The whole process of building a boat involves cutting a lot of lumber, but at the beginning there were whole days of doing nothing but.
The plans called for kiln-dried or air-dried lumber of no more than 12% moisture. I live in the hills of Northern California which at times is like living in a rain forest, so that seemed unlikely. In terms of what species of lumber, what tree: there was a long list of species that would work and a long list of ones that would not. Doug fir is the most commonly available light, strong construction lumber on the west coast and was on the okay list. So this began with a treasure hunt to find just the right lumber to build the frame of the boat that would not be ridiculously expensive.
The reason for the specificity of tree and moisture content of the lumber had to do with the epoxy that would be used to bind it all together. Every joint and every plywood seam and every place where plywood contacts a member gets epoxied. Epoxy won’t bind well if the lumber is green, wet, or is of a species of wood that is high in natural oils.
After a little research, I found that our local lumber company, what used to be San Lorenzo Lumber (now ProBuilt), had in one of their yards kiln-dried Doug Fir that was not much more expensive than the green wood they normally sell for construction. Sweet. Three hundred dollars of wood later, my old work truck was loaded with boat lumber and headed up to E. Zayante where the boat was being built.
Generally, I had big long 16 and 20 foot 2×4 lengths. The boat has a 20 foot long top deck, and because of the rake at the ends, is 16 foot along the bottom. There are also 8 foot long beams across the boat (“athwartship” in boatbuilding-speak) and a bunch of little stuff that would be ends, posts, etcetera.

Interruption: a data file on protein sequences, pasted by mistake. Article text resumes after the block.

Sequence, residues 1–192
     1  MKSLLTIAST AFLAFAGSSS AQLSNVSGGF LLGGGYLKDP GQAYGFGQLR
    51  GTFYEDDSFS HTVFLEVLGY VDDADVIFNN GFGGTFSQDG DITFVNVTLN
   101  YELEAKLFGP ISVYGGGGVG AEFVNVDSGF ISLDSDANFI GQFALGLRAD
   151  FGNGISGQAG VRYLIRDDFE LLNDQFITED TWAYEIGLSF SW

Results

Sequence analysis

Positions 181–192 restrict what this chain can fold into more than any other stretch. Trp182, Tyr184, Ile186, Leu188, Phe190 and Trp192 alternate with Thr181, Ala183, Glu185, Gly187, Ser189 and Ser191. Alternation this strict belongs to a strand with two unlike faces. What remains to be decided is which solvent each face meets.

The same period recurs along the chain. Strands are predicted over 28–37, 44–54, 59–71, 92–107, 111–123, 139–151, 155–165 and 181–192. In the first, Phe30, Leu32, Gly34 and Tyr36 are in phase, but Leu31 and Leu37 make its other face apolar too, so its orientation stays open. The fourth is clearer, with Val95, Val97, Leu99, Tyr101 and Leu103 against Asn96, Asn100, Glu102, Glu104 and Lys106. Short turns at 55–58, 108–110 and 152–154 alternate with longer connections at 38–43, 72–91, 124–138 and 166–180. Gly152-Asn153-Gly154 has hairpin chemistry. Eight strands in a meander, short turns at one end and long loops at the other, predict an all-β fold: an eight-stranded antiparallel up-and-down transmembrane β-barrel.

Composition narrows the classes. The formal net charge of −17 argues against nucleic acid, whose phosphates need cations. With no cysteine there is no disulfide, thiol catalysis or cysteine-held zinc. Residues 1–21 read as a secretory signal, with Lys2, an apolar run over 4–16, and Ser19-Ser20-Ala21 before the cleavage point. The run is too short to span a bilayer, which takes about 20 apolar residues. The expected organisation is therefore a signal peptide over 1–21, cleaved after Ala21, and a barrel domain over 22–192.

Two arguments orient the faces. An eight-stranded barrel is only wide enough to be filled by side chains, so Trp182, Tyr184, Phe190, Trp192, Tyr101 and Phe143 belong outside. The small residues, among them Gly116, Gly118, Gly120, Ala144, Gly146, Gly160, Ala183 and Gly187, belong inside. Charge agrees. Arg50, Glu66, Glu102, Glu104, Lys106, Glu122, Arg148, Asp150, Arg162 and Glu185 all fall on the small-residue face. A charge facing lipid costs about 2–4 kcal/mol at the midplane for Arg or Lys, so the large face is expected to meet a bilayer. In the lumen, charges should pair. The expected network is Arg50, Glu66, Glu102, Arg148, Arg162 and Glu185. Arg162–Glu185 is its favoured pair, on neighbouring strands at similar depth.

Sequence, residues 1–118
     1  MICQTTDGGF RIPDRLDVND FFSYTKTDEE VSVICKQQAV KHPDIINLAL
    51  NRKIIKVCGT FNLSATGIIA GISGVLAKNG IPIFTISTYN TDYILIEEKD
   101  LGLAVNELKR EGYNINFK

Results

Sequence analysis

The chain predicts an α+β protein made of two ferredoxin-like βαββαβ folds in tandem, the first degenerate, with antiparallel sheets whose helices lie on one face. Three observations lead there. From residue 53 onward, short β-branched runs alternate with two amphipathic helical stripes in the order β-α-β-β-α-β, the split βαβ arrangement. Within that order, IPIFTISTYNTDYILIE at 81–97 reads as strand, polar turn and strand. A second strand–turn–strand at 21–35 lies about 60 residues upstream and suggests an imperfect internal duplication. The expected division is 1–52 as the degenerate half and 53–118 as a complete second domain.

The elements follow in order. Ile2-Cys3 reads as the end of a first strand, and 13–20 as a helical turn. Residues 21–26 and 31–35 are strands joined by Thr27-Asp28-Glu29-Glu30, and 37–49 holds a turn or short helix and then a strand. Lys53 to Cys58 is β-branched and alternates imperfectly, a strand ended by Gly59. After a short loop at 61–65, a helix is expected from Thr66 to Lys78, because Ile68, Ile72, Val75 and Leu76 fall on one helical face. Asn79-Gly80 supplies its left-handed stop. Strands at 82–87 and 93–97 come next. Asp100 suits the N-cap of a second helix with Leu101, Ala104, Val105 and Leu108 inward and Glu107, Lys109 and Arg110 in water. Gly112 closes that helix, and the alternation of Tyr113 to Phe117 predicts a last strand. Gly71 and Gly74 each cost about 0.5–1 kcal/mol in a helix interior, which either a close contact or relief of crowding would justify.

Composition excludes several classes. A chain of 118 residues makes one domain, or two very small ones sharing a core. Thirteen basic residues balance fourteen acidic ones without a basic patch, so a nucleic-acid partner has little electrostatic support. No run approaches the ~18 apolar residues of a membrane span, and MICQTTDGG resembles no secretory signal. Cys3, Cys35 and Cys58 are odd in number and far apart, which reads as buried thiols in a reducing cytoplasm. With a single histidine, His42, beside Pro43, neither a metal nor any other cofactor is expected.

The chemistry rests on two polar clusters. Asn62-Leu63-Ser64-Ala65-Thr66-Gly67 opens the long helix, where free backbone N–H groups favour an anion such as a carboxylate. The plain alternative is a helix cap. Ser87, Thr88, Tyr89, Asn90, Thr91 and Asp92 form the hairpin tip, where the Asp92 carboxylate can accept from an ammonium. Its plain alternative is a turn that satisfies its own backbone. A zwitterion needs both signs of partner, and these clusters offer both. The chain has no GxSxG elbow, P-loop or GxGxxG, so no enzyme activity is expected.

But the plans called for ripping every piece to some new width, some 3 inches wide some 2-1/2. A finish 2×4 from the lumberyard is actually 3-1/2 x 1-1/2 with smooth rounded corners. Instead of taking a half inch off of a side to make a 3 inch thick piece, the plans called for taking off a 1/4 inch on either side. The reason for this is sensible: Cutting off the rounded edges of the lumber makes a better joint when it is epoxied.
So we spent a whole day feeding 16 and 20 foot long lengths of lumber into the tablesaw… twice. We made lots and lots of sawdust.
Then we cut a bunch of stuff to length, labeled it, and voila. At the end of the day, we had a pile of lumber that we intended to turn into a boat.